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Getting his turn at bat


Special Olympics outfielder has earned two gold medals

by: TIMES PHOTO: LACEY JACOBY - Aloha resident Brandon Wynne is participating in softball competitions through Special Olympics Oregon. When appraising the relative sportsmanship of his fellow Special Olympics competitors, Brandon Wynne is directly honest, but fair.

“One team actually has a bad attitude,” the Aloha resident admits. “But most of the teams we do play are pretty friendly. They’re always nice. Always smiling.”

With two years of gold-medal successes with the softball team under his belt, Wynne and his team participated in the 2014 Special Olympics Oregon Summer State Games in Newberg last weekend.

Wynne, 28, who specializes as an outfielder, will compete with the Washington County Wildcats in three games on Saturday and one on Sunday at the Newberg High School and Darnell Wright Softball Complex.

The games serve as state championship competitions for sports including track and field, bocce, golf and softball for Special Olympics athletes in Oregon. Participants trained in their hometowns for eight weeks before the games to qualify for the regional competition.

The Oregon program serves 12,000 participants. It offers training and competition opportunities in 14 Olympic-style sports in three seasons of statewide competitions in winter, summer and fall.

Despite his imposing linebacker’s build, Wynne, a 2004 Westview High School graduate, chose basketball as his favored winter sport. It was the striped orange ball that led him into Special Olympics competition when he was just a wee lad.

“There’s people from high school who always asked me and said I should try out for football,” he said. “But I really didn’t get into football in high school. I did go out and try out for my high school basketball team. I didn’t make the high school team, but I did for the Special Olympics team since first grade.”by: TIMES PHOTO: LACEY JACOBY - Aloha resident Brandon Wynne shows off some of the many awards hes accumulated over the years while participating in softball and baseball competitions through Special Olympics Oregon.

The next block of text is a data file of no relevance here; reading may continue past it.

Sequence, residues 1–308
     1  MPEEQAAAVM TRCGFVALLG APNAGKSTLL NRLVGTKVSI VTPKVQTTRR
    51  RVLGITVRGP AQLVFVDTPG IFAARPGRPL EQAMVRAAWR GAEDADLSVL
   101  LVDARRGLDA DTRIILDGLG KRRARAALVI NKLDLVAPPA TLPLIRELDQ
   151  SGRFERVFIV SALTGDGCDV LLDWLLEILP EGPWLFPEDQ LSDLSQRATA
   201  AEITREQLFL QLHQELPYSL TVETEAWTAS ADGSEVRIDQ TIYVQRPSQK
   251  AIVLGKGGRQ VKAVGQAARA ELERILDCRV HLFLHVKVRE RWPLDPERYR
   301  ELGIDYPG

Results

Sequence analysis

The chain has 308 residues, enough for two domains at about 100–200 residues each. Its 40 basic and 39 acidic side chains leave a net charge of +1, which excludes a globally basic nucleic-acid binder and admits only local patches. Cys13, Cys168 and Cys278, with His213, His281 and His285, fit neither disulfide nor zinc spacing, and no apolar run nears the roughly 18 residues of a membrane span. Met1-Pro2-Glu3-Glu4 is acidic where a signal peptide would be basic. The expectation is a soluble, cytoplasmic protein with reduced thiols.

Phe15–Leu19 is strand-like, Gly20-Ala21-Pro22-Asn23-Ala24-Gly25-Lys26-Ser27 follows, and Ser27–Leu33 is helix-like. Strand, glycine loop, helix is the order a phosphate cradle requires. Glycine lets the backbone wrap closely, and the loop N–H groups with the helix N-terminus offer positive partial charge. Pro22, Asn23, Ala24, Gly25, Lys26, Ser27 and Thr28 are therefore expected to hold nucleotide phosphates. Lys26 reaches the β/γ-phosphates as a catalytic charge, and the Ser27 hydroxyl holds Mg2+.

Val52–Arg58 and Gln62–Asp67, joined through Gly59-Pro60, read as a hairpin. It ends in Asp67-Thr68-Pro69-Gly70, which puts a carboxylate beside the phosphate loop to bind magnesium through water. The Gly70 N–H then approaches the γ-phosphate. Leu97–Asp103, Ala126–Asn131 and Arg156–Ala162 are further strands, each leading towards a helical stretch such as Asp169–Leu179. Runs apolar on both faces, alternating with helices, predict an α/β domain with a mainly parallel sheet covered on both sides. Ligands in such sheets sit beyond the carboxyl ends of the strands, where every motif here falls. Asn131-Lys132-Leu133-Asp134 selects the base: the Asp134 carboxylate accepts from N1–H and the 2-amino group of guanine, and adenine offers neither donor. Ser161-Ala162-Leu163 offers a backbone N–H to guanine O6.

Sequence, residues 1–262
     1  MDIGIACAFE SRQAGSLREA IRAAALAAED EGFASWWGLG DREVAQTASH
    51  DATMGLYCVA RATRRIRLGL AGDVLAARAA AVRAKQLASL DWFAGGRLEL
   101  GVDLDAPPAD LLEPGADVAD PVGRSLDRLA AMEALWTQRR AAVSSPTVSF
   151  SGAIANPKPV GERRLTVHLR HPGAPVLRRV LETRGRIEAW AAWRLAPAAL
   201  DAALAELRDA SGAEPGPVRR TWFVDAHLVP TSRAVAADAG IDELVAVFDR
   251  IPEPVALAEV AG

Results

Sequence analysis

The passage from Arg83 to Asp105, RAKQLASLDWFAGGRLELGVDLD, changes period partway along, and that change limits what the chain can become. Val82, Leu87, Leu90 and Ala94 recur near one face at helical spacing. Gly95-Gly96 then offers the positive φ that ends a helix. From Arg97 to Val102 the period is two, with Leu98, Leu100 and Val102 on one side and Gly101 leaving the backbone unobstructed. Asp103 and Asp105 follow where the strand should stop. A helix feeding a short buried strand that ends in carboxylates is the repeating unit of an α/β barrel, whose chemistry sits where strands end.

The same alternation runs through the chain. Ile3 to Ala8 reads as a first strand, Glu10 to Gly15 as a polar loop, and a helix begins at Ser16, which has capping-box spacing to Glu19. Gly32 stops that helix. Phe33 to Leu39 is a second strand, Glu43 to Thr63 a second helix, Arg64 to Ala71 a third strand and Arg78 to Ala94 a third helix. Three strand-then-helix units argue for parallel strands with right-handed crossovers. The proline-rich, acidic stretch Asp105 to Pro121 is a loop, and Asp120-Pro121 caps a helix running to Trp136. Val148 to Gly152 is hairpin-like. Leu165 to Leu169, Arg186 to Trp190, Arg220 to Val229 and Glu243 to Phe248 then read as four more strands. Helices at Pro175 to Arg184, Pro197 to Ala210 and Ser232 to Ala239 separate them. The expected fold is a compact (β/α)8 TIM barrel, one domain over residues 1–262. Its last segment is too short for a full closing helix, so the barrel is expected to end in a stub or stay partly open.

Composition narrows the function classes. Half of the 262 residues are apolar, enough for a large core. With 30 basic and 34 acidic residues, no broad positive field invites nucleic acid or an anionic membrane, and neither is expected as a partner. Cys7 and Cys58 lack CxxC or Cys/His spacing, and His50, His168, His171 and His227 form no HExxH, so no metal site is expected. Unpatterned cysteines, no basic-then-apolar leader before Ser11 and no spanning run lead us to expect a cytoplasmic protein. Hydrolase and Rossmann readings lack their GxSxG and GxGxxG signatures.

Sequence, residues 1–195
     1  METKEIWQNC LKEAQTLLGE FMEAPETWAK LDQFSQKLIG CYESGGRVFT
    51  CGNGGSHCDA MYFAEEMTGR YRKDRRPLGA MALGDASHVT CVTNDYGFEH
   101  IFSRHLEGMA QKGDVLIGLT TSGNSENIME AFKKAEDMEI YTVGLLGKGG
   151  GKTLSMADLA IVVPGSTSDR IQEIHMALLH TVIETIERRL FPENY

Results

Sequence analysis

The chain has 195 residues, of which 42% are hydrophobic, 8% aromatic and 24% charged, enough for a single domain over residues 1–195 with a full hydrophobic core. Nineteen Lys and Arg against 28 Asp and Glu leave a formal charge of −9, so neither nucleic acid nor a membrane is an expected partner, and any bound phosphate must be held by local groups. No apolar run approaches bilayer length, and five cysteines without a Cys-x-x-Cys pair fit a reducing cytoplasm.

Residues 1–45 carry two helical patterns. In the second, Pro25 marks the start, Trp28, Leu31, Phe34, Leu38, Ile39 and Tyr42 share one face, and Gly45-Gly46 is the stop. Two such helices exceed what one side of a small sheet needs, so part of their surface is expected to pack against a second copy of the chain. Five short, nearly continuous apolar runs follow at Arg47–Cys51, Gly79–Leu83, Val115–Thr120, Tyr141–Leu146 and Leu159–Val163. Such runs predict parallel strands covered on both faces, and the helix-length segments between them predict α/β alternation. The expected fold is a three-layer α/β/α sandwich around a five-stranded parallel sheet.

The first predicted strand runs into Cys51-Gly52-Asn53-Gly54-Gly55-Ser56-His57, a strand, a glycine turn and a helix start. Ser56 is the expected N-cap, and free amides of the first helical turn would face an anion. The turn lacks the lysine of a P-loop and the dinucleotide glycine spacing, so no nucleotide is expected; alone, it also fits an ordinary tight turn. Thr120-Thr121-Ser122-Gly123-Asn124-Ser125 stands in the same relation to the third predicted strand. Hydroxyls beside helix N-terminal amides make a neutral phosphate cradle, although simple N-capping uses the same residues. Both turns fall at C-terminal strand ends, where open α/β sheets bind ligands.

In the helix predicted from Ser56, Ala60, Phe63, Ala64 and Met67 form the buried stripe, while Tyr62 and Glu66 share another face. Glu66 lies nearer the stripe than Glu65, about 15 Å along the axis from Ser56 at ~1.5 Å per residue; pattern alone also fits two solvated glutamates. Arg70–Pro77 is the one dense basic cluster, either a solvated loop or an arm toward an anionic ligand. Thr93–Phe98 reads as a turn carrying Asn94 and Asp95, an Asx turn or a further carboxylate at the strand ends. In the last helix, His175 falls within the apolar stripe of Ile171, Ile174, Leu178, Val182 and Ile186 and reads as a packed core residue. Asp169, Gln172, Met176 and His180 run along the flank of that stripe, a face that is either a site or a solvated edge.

A Washington County native, Wynne, who has a learning disability, works in custodial services at Nike World Headquarters at Southwest Murray Boulevard and Jenkins Road, not far from his Aloha apartment and his parents and younger brother, who live in the Rock Creek area.

He credits his teammates’ dedication to practice and his coach, Laura Ngai, with the Wildcats’ success in recent years.

“It’s a lot of practice, then more teamwork and positive (interaction) with the players and the coaches,” he said. “It just connects to everything.”

Ngai, who has coached Special Olympics Oregon teams for about 15 years, puts the emphasis on teamwork more than the individual.

“My first season, the team indicated that their rival, Multnomah County, had consistently beat them during head-to-head competition and they wanted to break the cycle,” she explained. “My approach was to push and require that athletes play as a team, and would win or lose as a team.”

Taking the approach to heart, Wynne’s team won the 2012 “A” Division gold medal at the state competition for the first time in years and repeated the feat at last year’s events.

Wynne, Ngai said, is “integral” to the team’s success.

“Brandon is the type of player who epitomizes the value of being a part of a team,” she said. “His sense of humor, positive attitude and constant encouragement of his fellow teammates means he is one that the players’ coaches look to lighten the mood.”

Wynne is one of the team’s four Special Olympics Oregon “Global Messengers,” serving as an ambassador who, through public speaking and assisting at fundraising events, helps community members understand what Special Olympics does to enrich competitors’ lives.

As a coach, Wynne said, Ngai provides just the right balance.

“I really think she does an excellent job with the team. She really doesn’t, like, push us, but says really positive things that get us going,” he said.

While Ngai calls Wynne a “power hitter,” the player considers himself a utility guy on the field.

“(Going to bat) is fun and all,” he said. “Then I like going on the field to try to stop the other opponent from scoring. I’m pretty decent.”